Saturday, December 3, 2016

Writer's Lament

Fingers tap at keys, without rhythm, to find words,
Trying to tell the story, capture the poem,
Struggling to add meaning to a phrase or two.

The hand scribbles with a pen a stumble of letters
Pulling at the thread of an idea
Untwisting the scrambled jumble of the mind.

The writer, heart in hand, soul in need, mind in fog,
Struggles to grasp the wisp of words whispered by the muse
In a whirlwind of thought during the rumbling roller coaster of life…

...and put them on the page.

Saturday, October 1, 2016

You'll Be There

In the future, there is a classroom
With books and boards and desks.
The floor is worn, maybe a crack in the wall,
But posters splash color and whisper advice.
And you’ll be there.

In this classroom there are students,
Bright and eager and ready to learn.
The world will be opened to them.
Discovery and life will dance about.
And you’ll be there.

Among the students, there will be a few
Trying and doing but not quite getting.
Leaning in, elbow on desk with his writing
Or with her math; a turning point provided.
And you’ll be there.

Among the few, there will be a student,
Sullen or struggling or disengaged.
There will be open battles, quiet chats aside,
Patience required; a long term rescue ensured.
And you’ll be there.

Within the faces, there will be a child,
Noticed, but quiet and blended in.
Not in trouble and not standing out,
Yet from the pat on the back, the confident grin,
The happy room, the warmth of life and learning,
The proud stand, the “good job,"
The hug of safety; unknown, a life change given.
And you’ll be there.

 (for the next generation of teachers)

Friday, August 26, 2016

A Battle Rages

Inside that heart
                a desire, a faith, to protect
                a flag of faces, loved
                red, white and blue

Inside that hand
                a weapon was held
                now closed to a fist
                lashing out against
                pointing in to self
                destructive, afraid, alone

Inside that eye
                a horseman galloped in
                roughshod and violent
                creating infinite tears
                an acidic aftermath
                that goes unshed, burning

Inside that mind
                a stand against solitary hells
                helpless, voiceless calls
                click, whispers explode
Inside that soul
                a battle rages.

Saturday, July 16, 2016


When Air Florida Flight 90
crashed into a bridge in D.C. back in 1982,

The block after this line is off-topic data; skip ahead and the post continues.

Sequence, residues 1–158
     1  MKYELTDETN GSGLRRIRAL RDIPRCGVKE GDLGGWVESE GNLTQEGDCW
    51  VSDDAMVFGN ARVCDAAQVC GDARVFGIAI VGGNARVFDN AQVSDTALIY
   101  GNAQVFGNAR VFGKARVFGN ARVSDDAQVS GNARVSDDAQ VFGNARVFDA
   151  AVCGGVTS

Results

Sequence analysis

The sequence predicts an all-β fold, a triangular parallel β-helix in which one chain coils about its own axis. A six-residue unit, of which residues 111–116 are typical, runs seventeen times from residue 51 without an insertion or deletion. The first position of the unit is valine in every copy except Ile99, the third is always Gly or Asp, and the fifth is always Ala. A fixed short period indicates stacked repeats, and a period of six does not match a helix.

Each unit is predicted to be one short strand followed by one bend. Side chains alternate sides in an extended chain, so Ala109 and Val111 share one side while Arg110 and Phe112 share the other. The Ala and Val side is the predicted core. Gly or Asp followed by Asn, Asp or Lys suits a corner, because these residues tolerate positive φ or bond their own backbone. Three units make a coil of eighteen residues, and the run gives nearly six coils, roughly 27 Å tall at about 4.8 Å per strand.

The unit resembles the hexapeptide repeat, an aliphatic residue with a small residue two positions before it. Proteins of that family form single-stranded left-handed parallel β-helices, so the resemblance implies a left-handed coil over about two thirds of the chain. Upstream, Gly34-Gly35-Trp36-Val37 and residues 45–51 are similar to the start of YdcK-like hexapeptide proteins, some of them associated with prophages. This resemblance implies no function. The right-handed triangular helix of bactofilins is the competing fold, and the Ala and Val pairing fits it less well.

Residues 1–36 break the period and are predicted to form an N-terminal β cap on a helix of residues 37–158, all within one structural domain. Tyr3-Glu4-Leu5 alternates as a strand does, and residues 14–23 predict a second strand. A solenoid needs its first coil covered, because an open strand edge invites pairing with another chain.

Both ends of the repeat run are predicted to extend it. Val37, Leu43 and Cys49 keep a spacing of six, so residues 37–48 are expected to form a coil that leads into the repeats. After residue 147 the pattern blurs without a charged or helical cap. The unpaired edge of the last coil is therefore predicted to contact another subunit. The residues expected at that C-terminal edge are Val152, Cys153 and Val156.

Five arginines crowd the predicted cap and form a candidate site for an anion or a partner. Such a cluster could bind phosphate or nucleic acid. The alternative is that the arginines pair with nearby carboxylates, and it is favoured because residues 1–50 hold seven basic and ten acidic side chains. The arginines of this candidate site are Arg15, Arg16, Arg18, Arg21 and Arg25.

some survivors clung to a section of the tail
while a helicopter lowered a life ring.
A Man in the Water would take it
and pass it to another.
He repeated this five times
while the cold winter water
challenged him.
When the helicopter came back for him,
he was gone.
And we were one less.
                                He was “proof (as if one needed it) that no man is ordinary.”*

In a tail section classroom
crashed with students,
he passed out life rings.
They looked like books, essays and a joke or two.
Students took them.
They read brave words on a page, wrote essays
and, with his encouragement, spoke their minds.
He roped them in with a friendly manner,
taught them,
and sent them down the hall;
they, knowing or not, swam away with a life ring.
He repeated this many times
until cancer challenged him.
Then he was gone.
And we were one less.
One less man in the water
He is “proof (as if one needed it) that no man is ordinary.”

* Time, “Man in the Water,” Roger Rosenblatt, January 25, 1982

Tuesday, July 12, 2016


                …the knight was knocked from his horse,
                as one does when in battle.
He laid on the ground
                broken and bruised,
                catching his breath.
His horse was missing.
                Defeat, although witnessed,
                 is a solitary thing.
Yet, from the village far away, a bird did chirp.
                There was a faint aroma of peonies.
                He felt the earth moving beneath him.
His horse nudged his shoulder.
                Shakily, slowly, he stood.
                And as he did, he said, “Onward.”

                …the knight tends to his horse
                as one does when noble and caring.
His own wounds are nursed by his lady.
                His children kiss his forehead
                and tell him stories.
Villagers, grateful for past deeds,
                bring by bread, wine and song.
                They jest and laugh together.
He pounds out the dent in his armor.
                Another scar it carries
                but sturdier it becomes.
On his shields it bears his emblem
                and a few letters.
                It says, “Onward.”

                …the knight, at sunrise, will rally forth
                as one does that rides with Purpose.
From his lady, he has a kiss on his lips
                And her scarf tucked away by his heart.
                In his hand he holds yellow dandelions
                from his children.
His satchel has bread, cheese, and tinder
                from the villagers,
                and a scrap of paper
                with a few words from an obscure poet.
The gate opens.
                With straight back and eyes forward,
                He rides.
                And he says, “Onward.”